“Working with my father was magical; every night was like a Broadway show,” she says. “We would get the room set and he would unlock the front door and say, ‘It’s show time!’ God I loved that man.”
A patriarch in every sense, he was survived by his wife, Zorine, along with seven children: Sons Michael, David and Peter; and daughters Pam, Stephanie, Amy and Debra.
Almost all of the Morton children followed in their father’s footsteps. Among them they have opened dozens of successful and innovative restaurants and bars. Michael launched the N9NE steakhouses, Peter Morton, co-founder of the Hard Rock Cafe chain owned and operated the famed Morton’s in LA, the high-end celebrity hangout made famous as the site of the annual Vanity Fair Oscar party.
Michael and David opened MB Steak (standing for My Brothers) in Las Vegas’s Hard Rock Hotel & Casino in May. The brothers view their beef-centric spot as an honor to the family’s longstanding steakhouse tradition and their showman dad.
David and Michael follow the Morton tradition — “It’s all about the people.”
“People eat with their eyes first and discern value before the first bite,” David says. “In the eye of guests, your front line staff is the brand. I always tell my teams, if you don’t spend all of your time training, then you’ll spend all of your time training.”
David and Michael have more than a dozen restaurants and bars between them, but MB Steak is the first partnership of Morton siblings.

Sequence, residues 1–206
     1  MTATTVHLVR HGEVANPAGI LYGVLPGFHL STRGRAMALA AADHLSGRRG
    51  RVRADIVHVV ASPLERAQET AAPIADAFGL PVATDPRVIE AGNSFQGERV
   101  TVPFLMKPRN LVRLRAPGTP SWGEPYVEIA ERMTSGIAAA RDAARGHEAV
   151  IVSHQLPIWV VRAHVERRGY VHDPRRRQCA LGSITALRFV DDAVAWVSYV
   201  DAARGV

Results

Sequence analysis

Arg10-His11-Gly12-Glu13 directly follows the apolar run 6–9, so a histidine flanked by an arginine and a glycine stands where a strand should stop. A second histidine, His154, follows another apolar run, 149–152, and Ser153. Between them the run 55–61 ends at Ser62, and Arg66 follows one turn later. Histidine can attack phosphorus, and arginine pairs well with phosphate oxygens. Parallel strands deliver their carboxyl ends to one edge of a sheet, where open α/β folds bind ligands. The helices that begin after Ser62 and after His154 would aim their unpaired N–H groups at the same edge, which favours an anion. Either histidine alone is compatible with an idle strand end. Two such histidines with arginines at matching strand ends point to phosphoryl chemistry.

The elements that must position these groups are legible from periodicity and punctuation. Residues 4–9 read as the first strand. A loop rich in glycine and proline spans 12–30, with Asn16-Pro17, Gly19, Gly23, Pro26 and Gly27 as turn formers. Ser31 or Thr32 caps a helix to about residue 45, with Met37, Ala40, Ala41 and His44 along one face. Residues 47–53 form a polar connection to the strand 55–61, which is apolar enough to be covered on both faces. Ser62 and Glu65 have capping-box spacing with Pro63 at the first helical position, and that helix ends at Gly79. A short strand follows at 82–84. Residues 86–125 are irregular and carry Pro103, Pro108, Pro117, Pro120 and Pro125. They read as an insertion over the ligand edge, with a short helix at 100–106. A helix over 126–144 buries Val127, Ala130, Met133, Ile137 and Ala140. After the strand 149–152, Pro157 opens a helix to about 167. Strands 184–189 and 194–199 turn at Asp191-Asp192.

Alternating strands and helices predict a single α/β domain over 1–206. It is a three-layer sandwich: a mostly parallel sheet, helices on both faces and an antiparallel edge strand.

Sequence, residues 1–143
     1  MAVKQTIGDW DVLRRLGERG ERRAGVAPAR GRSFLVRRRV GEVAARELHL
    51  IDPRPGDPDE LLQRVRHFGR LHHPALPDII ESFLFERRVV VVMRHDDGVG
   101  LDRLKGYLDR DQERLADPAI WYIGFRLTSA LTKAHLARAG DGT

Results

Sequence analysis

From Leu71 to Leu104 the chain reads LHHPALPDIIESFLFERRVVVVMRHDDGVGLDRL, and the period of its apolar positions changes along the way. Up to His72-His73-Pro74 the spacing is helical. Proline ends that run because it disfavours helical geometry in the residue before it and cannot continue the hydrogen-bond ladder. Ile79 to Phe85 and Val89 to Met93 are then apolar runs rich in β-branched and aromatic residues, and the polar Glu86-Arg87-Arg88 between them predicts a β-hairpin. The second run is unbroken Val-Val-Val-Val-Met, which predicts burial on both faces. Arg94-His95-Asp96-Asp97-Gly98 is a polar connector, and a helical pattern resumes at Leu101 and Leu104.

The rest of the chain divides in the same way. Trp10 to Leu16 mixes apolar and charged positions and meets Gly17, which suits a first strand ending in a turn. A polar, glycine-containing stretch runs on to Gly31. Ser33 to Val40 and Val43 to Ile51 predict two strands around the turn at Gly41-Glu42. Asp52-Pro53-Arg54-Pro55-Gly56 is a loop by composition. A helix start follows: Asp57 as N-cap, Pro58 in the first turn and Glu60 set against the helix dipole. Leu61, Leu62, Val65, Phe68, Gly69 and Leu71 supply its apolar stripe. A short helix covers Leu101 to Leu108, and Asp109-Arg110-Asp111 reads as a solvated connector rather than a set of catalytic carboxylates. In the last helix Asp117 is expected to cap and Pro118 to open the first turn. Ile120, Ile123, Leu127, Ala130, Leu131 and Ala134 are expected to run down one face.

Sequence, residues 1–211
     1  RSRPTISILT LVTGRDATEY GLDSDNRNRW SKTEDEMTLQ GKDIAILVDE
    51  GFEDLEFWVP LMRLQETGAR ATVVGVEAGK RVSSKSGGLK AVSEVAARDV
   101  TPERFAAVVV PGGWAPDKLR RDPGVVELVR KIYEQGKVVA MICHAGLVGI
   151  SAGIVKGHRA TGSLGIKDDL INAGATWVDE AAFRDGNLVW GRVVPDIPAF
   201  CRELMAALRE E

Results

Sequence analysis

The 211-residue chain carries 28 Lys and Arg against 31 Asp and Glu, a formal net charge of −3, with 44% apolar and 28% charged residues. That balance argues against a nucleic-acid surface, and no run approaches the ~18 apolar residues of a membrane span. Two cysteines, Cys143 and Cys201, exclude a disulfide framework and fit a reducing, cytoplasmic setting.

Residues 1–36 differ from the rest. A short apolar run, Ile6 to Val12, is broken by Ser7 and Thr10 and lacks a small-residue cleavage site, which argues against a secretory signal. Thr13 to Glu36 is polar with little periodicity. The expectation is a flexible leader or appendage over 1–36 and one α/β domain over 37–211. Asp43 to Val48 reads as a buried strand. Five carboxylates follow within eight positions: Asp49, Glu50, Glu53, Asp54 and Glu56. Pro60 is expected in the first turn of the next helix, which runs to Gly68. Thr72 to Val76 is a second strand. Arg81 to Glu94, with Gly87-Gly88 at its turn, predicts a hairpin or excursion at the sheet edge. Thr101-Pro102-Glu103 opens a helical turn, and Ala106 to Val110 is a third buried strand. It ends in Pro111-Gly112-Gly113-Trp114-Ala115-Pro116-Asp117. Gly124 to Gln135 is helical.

MB Steak breaks the steakhouse mold by introducing first-of-its kind dining experiences, including a Private Bar Room tucked behind the lounge available for the most private of diners.
The first floor features an explosion of custom millwork, rich fabrics and contemporary art commissioned by David and Michael Morton specifically for the venue.
The second floor Garden Lounge is a unique experience with living walls opening to the outdoors and offering dazzling views of the Las Vegas Strip.
Chef Patrick Munster hails from among the most successful steakhouses in the world including SW at the Wynn, where he was Chef de Cuisine for nearly a decade prior to joining the culinary team at MB Steak.
“At my restaurants, we first address the combinations of flavors that a guest discovers on each part of the plate, then we look at plate coverage,” David says. “You don’t have to choose between fine dining and fun. Fine dining should be both, which is often overlooked.”
This past November, Amy Morton, opened “The Barn,” her acclaimed “meat-centric hide-a-way” in a 19th Century brick stable as her own personal homage to her father. This modern-meaterie is a departure from the traditional beef-centric houses — a throw-back to a classic styled steakhouse in an intimate setting with table-side cart service.
Underscoring her father’s lessons about quality, Amy notes having “researched dozens of cuts and purveyors prior to selecting our Prime Heritage Angus Beef. Meats by Lintz is a fourth generation family-owned meat vendor committed to changing the way beef is raised; they supply us with the finest cuts available nationwide and they are only an hour away in Indiana.”
The Barn deservingly opened up to rave reviews. Chicago Tribune veteran food critic Phil Vettel proclaims, “The Barn does ‘throwback’ right,” and the Chicago Reader simply ponders, “How can you not love this spot?”
Despite the praise, Amy sticks to the customer-centric model passed on from her father. She says most next-generation restaurant folk have a tough time with guest feedback — “they take it as criticism,” she says. That is truly one of the greatest gifts my dad gave me; knowing it was an opportunity to hear guest feedback as it gives us a chance to address the issue for the next guest,” she says.